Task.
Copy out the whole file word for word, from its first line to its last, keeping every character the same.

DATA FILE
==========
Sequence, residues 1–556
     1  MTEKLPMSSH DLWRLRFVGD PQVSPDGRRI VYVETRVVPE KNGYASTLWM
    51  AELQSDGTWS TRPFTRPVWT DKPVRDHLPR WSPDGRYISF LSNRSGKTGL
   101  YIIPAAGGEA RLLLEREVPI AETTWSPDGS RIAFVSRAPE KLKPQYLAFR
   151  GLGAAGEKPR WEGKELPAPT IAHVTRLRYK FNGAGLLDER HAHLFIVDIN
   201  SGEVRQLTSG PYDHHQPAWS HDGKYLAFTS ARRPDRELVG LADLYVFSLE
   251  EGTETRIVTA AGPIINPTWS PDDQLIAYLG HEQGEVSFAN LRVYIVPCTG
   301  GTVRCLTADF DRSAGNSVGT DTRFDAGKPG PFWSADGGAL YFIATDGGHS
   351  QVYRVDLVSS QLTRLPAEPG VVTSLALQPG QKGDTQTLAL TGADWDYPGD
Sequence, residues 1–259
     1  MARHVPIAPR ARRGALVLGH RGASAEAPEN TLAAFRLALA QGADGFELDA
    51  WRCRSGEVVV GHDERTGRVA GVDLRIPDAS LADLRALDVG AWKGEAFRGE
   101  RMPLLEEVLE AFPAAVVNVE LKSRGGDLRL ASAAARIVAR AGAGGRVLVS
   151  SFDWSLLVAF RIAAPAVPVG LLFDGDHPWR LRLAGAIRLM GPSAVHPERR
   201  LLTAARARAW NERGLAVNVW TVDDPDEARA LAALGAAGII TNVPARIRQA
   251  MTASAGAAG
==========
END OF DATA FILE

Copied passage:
Sequence, residues 1–556
     1  MTEKLPMSSH DLWRLRFVGD PQVSPDGRRI VYVETRVVPE KNGYASTLWM
    51  AELQSDGTWS TRPFTRPVWT DKPVRDHLPR WSPDGRYISF LSNRSGKTGL
   101  YIIPAAGGEA RLLLEREVPI AETTWSPDGS RIAFVSRAPE KLKPQYLAFR
   151  GLGAAGEKPR WEGKELPAPT IAHVTRLRYK FNGAGLLDER HAHLFIVDIN
   201  SGEVRQLTSG PYDHHQPAWS HDGKYLAFTS ARRPDRELVG LADLYVFSLE
   251  EGTETRIVTA AGPIINPTWS PDDQLIAYLG HEQGEVSFAN LRVYIVPCTG
   301  GTVRCLTADF DRSAGNSVGT DTRFDAGKPG PFWSADGGAL YFIATDGGHS
   351  QVYRVDLVSS QLTRLPAEPG VVTSLALQPG QKGDTQTLAL TGADWDYPGD
Sequence, residues 1–259
     1  MARHVPIAPR ARRGALVLGH RGASAEAPEN TLAAFRLALA QGADGFELDA
    51  WRCRSGEVVV GHDERTGRVA GVDLRIPDAS LADLRALDVG AWKGEAFRGE
   101  RMPLLEEVLE AFPAAVVNVE LKSRGGDLRL ASAAARIVAR AGAGGRVLVS
   151  SFDWSLLVAF RIAAPAVPVG LLFDGDHPWR LRLAGAIRLM GPSAVHPERR
   201  LLTAARARAW NERGLAVNVW TVDDPDEARA LAALGAAGII TNVPARIRQA
   251  MTASAGAAG